Towards a welcoming Web

Towards a welcoming Web

The Internet is supposed to be an open, accessible platform. Unfortunately, frequently we see pitfalls in reliability, accessibility or performance stemming from a privileged understanding of connectivity, cultural and economic context. It turns out, the Web can be unwelcoming to many.

This talk will set the necessary context for an inclusive design practice, focusing on accessibility and equality. We'll learn how to foster a user-experience focused culture, no matter whether you're a developer, designer, project or business owner. You will leave inspired to build a better Web for everyone.

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Karolina Szczur

August 04, 2018
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Transcript

  1. Towards a welcoming Web Presented by @fox

  2. Technology is redefining our world—its economy, culture, societies and democracies.

  3. “We demonstrated that the Web had failed instead of served

    humanity. The increasing centralisation, has ended up producing a large-scale emergent phenomenon which is anti-human.”
  4. Technology negatively affects mental health. Source: Is social media bad

    for you? The evidence and the unknowns
  5. Source: How heavy use of social media is linked to

    mental illness
  6. Technology is a megaphone for harassment. Source: Twitter Has a

    Serious Harassment and Abuse Problem but Doesn’t Seem to Want to Cure It
  7. None
  8. Technology treats personal data as currency. Source: Uber concealed massive

    hack that exposed data of 57m users and drivers
  9. The doctor I saw was terrible. But luckily I received

    another opinion and the receptionist/nurse was lovely. Which is why I would go back The receptionist/nurse was lovely. Source: GP booking service HealthEngine sanitises patient reviews BECAME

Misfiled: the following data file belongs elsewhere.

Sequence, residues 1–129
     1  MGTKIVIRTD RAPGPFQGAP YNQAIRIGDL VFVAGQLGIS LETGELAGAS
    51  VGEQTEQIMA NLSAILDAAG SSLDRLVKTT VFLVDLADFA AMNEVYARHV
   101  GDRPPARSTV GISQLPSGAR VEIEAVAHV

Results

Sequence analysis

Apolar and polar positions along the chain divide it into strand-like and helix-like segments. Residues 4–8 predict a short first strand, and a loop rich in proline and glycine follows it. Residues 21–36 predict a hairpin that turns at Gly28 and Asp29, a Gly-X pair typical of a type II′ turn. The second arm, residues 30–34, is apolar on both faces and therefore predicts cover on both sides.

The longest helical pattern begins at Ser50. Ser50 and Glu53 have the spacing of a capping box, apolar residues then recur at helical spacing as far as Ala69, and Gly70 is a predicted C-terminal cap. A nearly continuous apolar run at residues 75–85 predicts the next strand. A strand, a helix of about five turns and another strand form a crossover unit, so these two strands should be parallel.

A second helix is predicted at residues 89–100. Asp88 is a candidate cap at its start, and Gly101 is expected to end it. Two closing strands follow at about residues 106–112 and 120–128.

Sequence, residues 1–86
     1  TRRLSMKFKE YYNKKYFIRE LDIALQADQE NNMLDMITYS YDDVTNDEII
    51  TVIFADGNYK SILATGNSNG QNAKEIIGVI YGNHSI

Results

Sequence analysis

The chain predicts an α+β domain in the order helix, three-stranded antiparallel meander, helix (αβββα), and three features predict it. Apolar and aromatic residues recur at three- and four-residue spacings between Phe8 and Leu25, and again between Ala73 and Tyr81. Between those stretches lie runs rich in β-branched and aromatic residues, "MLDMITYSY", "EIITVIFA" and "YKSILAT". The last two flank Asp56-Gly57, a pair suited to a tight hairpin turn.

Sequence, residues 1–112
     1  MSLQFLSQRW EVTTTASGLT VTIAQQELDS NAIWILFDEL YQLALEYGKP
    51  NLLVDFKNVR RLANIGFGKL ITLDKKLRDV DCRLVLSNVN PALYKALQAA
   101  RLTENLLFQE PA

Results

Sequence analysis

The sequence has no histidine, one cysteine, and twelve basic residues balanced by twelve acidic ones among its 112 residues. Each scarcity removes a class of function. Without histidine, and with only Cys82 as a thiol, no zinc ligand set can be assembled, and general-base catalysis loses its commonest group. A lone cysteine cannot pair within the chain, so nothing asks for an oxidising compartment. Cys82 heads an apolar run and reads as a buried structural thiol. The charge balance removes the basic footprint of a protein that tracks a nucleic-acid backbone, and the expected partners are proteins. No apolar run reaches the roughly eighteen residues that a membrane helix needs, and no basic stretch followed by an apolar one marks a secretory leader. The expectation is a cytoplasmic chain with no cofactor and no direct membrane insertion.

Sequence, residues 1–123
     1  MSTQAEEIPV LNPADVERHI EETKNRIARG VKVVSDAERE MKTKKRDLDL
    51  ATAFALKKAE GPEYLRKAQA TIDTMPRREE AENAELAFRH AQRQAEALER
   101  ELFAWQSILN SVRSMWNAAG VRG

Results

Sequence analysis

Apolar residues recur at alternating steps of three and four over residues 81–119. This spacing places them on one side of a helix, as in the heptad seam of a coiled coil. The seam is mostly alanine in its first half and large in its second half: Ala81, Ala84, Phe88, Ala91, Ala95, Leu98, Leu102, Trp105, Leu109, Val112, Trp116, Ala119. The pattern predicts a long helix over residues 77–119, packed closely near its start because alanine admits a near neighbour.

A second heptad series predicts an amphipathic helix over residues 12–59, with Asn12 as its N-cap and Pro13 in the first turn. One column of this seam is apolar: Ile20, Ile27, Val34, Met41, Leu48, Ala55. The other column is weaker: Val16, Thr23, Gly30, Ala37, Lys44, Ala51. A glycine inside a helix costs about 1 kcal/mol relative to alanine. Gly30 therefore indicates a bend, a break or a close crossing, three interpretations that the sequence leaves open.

10. Technology fosters unfairness and exclusion. Source: Tech Leavers by Kapor

    Center
  11. 78% of tech workers report some form of unfair treatment.

    Source: Tech Leavers by Kapor Center
  12. 0.8% of jobs in tech companies are held by Black

    women. Source: Here’s the clearest picture of Silicon Valley’s diversity yet: It’s bad. But some companies are doing less bad
  13. 6% of Fortune 500 chief executives are women. Source: Fortune

    CEOs
  14. 98% of VCs are white or Asian males. Source: Silicon

    Valley’s Morality Crash
  15. 29% is as high as the pay gap between men

    and women gets. Source: The Gender Pay Gap in Tech
  16. 60% of women reported unwanted sexual advances. Source: Elephant in

    the Valley
  17. 30% of women of colour were passed over for a

    promotion. Source: Tech Leavers Study
  18. 95% of Open Source contributors are male. Source: Github Open

    Source Survey
  19. Humans are paying the price for (un)intended consequences of rapid

    advancement. We are facing a crisis.
  20. We’ve become complacent, engaging in an act of cultural denial.

    A process in which we avoid uncomfortable realities, like poverty, suffering, injustice and racial oppression.
  21. “A dangerous form of magical thinking often accompanies new technological

    developments, a curious assurance that a revolution in our tools inevitably wipes the slate of the past clean.” Virginia Eubanks
  22. “Move fast and break things” PITFALLS OF TECHNOLOGY

  23. None
  24. Disruption isn’t a getaway free card to bypass laws, freedoms,

    moral compass, civil rights and human protections.
  25. “Technology is neutral” PITFALLS OF TECHNOLOGY

  26. Technology is not, and never was or will be, neutral.

    Our biases and prejudice are baked-in.
  27. “This myopic focus on what’s new leads us to miss

    the important ways that digital tools are embedded in old systems of power and privilege.” Virginia Eubanks
  28. Lacking ethical education PITFALLS OF TECHNOLOGY

  29. None
  30. “Ethical decision-making is like a muscle that needs to be

    exercised lest it atrophy, and experiments have shown that ‘moral reminders’ help people make more ethical decisions.” Irina Raicu
  31. Exclusion and homogeneity PITFALLS OF TECHNOLOGY

  32. Until anyone, no matter their background, will be able to

    survive and thrive and be represented online, the Web won’t be open.
  33. How do we establish what’s ethical?

  34. Ethical principles defend and systematise moral, righteous conduct.

  35. Human rights and democracy №1

  36. Algorithms create filter bubbles, preventing us from seeing disagreeable content.